The Official Newspaper of the Diocese of Little Rock

Kids with special needs get tuition help

Off to slow start, state’s Succeed Scholarships are warmly welcomed

Published: November 15, 2016   
Karen Schwartz
Susan Schulte, resource room specialist at Immaculate Conception School in Fort Smith, teaches comprehension technology to fifth and sixth graders Nov. 2.

Brooklin Boudreaux, 6, had a tough time pronouncing the name of her favorite food — chicken strips. The “ch” and “str” combination gave her a “really hard time,” said her mother Brin Marie Boudreaux.

Though Brooklin had been receiving speech therapy in her public school, thanks to the state’s Succeed Scholarship Program, which allows parents of children with special needs to have the option of attending an approved private school with a scholarship, she has made significant strides throughout the past three months attending Immaculate Conception School in Fort Smith.

“She can say that (chicken strips) now,” her mother said. “She has to slow down to say it. But now we can understand her and don’t accidentally order her a burger.”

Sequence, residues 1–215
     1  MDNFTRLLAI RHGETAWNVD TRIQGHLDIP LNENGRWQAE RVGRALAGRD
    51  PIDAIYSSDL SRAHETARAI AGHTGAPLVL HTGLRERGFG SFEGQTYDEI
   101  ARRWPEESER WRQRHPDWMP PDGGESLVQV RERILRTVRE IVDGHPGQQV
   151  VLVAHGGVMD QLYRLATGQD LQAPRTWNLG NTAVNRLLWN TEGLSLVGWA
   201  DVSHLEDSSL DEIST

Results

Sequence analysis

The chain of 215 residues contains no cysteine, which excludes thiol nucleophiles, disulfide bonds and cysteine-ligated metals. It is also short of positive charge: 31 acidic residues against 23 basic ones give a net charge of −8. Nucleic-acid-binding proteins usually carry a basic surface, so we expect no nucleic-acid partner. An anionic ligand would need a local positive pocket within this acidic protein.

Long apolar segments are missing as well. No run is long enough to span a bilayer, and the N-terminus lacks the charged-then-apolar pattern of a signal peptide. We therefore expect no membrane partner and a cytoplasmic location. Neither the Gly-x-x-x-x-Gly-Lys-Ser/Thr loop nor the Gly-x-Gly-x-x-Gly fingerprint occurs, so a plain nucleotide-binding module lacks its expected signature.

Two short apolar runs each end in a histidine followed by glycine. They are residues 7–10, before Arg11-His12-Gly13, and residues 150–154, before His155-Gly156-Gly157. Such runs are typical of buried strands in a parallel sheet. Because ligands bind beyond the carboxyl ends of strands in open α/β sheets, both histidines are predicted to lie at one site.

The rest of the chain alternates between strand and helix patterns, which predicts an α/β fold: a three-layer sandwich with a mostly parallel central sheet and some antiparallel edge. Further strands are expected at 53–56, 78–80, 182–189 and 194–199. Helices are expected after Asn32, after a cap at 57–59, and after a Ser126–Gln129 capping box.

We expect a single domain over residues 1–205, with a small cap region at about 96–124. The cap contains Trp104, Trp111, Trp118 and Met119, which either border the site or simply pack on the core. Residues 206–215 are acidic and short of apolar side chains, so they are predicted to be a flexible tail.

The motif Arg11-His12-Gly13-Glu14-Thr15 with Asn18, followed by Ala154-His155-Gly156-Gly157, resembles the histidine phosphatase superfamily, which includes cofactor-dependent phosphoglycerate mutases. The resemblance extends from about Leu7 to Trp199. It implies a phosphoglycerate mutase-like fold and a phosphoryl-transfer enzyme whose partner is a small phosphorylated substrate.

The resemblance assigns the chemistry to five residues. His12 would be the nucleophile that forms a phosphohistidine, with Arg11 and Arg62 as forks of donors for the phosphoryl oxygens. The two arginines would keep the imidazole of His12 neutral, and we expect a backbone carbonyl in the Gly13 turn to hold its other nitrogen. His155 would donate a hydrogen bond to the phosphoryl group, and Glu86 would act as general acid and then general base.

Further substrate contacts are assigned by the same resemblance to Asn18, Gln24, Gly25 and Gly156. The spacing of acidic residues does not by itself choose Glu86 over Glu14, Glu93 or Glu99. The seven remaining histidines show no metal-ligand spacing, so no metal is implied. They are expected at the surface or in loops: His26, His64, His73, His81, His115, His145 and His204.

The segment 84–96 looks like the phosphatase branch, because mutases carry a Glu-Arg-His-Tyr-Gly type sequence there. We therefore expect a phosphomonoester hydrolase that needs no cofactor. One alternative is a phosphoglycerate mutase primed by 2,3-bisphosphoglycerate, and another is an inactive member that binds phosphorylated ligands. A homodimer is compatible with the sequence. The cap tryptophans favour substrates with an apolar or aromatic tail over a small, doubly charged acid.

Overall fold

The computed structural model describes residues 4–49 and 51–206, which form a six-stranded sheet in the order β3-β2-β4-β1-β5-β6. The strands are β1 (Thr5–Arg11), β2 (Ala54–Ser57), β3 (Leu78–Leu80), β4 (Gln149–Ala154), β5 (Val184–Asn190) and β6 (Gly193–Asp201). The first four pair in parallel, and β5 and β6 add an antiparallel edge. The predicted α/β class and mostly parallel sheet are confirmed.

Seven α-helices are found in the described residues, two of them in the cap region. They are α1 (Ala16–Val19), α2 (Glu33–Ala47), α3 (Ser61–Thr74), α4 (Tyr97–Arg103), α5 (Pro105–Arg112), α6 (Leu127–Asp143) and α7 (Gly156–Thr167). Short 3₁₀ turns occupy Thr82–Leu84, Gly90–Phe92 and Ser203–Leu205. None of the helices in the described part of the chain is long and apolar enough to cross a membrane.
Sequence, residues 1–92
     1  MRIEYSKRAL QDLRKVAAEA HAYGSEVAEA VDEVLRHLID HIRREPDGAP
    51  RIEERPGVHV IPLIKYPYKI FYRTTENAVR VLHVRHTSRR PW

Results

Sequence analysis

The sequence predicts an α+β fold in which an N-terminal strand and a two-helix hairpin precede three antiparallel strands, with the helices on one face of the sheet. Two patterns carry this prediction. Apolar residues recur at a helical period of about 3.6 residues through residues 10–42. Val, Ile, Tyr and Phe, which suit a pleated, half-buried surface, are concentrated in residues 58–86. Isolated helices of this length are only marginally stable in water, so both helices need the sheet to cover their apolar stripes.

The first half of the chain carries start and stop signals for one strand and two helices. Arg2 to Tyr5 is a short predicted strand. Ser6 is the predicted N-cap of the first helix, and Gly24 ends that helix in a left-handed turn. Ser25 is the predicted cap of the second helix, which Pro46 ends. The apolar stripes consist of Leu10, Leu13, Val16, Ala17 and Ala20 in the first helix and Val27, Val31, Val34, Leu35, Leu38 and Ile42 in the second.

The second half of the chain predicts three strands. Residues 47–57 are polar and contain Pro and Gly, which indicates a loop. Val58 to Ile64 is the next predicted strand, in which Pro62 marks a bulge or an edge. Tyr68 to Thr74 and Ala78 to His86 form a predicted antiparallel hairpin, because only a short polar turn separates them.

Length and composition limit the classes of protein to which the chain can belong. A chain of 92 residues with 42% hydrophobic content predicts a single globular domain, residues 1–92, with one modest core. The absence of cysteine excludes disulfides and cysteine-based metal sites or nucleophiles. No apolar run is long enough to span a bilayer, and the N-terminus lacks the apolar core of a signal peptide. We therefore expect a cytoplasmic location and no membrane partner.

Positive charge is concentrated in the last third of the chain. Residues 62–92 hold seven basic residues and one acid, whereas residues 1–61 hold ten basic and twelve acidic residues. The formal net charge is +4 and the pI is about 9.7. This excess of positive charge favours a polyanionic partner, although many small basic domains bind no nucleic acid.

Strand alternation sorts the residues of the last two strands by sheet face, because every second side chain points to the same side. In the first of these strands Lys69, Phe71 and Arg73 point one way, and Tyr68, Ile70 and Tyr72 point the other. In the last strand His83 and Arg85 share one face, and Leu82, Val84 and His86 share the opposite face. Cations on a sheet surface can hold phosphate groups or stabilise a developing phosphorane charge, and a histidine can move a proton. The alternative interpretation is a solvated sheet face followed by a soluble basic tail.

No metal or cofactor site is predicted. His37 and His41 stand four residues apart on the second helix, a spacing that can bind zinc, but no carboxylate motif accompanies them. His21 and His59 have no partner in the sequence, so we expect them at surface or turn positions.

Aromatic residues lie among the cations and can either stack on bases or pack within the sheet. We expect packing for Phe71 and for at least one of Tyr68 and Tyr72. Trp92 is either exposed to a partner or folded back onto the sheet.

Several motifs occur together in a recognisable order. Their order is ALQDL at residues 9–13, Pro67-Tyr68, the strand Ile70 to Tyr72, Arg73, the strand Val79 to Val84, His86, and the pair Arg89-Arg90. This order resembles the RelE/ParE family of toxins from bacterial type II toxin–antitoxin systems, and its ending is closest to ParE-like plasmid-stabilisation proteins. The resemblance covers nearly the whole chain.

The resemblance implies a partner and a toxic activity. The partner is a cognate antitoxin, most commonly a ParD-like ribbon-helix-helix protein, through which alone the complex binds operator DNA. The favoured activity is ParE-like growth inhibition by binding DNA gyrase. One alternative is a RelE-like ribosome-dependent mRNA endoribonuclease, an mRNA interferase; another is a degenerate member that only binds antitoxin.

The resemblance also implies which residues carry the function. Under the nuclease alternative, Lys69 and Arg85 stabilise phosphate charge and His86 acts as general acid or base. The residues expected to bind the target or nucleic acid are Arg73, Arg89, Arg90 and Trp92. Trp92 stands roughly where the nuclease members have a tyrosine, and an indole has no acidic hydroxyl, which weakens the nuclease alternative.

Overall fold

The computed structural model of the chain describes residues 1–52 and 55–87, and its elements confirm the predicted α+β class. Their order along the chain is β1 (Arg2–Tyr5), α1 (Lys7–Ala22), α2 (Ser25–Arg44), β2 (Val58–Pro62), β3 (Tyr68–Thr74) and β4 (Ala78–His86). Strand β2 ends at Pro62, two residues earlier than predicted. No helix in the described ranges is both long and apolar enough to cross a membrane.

These seemingly small victories can lead to much bigger accomplishments thanks to the option of a smaller, more personalized academic environment through private schools.

How it works

In 2015, the Arkansas General Assembly passed the Succeed Scholarship Program. Katie Clifford, executive director of The Reform Alliance, a nonprofit that supports school choice in Arkansas, said students approved for the program are awarded up to $6,646 annually to attend the private school, which is the amount “the state provides a public school in foundation funding per student.” The money is supplied through the Arkansas Department of Education budget and will likely increase each year.

“It does not come from the public school fund,” Clifford said.

The program is limited to 100 students who have been enrolled in a public school for at least one year. There are currently 16 scholarship recipients placed in non-public schools, Clifford said, with another nearly 40 applicants currently being processed. There are no restrictions on how many students in one family can be accepted. Approval can take a few weeks, depending on the school, and parents can still apply for the 2016-17 school year.

Students must show they have an individualized education program, or IEP, a document given by the school to a student after they’re qualified for learning assistance. Clifford said Succeed does not specify what the IEP has to say, which has resulted in a broad range of students who have applied, including those with attention deficit hyperactivity disorder (ADHD), speech delays, autism, anxiety and dyslexia.

While the program is still in a learning phase, Clifford said “if I could count the number of tears being cried in our office from parents” who are thankful, “that’s really spoken volumes to us here.”